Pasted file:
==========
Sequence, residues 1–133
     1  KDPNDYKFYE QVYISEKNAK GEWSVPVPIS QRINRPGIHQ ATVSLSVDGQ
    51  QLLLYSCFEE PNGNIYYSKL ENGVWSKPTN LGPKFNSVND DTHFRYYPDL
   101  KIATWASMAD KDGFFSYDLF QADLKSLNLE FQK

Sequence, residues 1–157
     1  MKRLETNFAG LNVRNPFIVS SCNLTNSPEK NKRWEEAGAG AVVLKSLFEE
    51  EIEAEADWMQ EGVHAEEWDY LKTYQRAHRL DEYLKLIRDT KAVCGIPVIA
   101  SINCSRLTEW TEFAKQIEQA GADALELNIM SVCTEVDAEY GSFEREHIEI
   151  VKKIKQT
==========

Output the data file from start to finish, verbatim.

Sequence, residues 1–133
     1  KDPNDYKFYE QVYISEKNAK GEWSVPVPIS QRINRPGIHQ ATVSLSVDGQ
    51  QLLLYSCFEE PNGNIYYSKL ENGVWSKPTN LGPKFNSVND DTHFRYYPDL
   101  KIATWASMAD KDGFFSYDLF QADLKSLNLE FQK

Sequence, residues 1–157
     1  MKRLETNFAG LNVRNPFIVS SCNLTNSPEK NKRWEEAGAG AVVLKSLFEE
    51  EIEAEADWMQ EGVHAEEWDY LKTYQRAHRL DEYLKLIRDT KAVCGIPVIA
   101  SINCSRLTEW TEFAKQIEQA GADALELNIM SVCTEVDAEY GSFEREHIEI
   151  VKKIKQT